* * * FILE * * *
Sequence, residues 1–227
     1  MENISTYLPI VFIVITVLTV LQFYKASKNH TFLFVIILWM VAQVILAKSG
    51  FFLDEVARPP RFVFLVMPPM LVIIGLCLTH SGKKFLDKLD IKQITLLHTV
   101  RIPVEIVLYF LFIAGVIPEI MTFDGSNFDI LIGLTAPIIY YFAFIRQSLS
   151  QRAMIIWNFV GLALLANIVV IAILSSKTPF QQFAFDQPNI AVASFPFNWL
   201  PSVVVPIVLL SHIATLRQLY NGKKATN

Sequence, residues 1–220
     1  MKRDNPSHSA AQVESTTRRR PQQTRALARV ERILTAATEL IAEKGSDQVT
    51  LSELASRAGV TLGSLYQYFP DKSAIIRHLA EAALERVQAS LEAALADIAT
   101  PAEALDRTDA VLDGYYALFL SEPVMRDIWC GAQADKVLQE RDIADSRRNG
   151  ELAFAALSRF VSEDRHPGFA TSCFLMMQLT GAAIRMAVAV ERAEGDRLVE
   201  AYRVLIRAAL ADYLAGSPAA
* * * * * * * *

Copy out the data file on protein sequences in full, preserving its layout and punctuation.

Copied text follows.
Sequence, residues 1–227
     1  MENISTYLPI VFIVITVLTV LQFYKASKNH TFLFVIILWM VAQVILAKSG
    51  FFLDEVARPP RFVFLVMPPM LVIIGLCLTH SGKKFLDKLD IKQITLLHTV
   101  RIPVEIVLYF LFIAGVIPEI MTFDGSNFDI LIGLTAPIIY YFAFIRQSLS
   151  QRAMIIWNFV GLALLANIVV IAILSSKTPF QQFAFDQPNI AVASFPFNWL
   201  PSVVVPIVLL SHIATLRQLY NGKKATN

Sequence, residues 1–220
     1  MKRDNPSHSA AQVESTTRRR PQQTRALARV ERILTAATEL IAEKGSDQVT
    51  LSELASRAGV TLGSLYQYFP DKSAIIRHLA EAALERVQAS LEAALADIAT
   101  PAEALDRTDA VLDGYYALFL SEPVMRDIWC GAQADKVLQE RDIADSRRNG
   151  ELAFAALSRF VSEDRHPGFA TSCFLMMQLT GAAIRMAVAV ERAEGDRLVE
   201  AYRVLIRAAL ADYLAGSPAA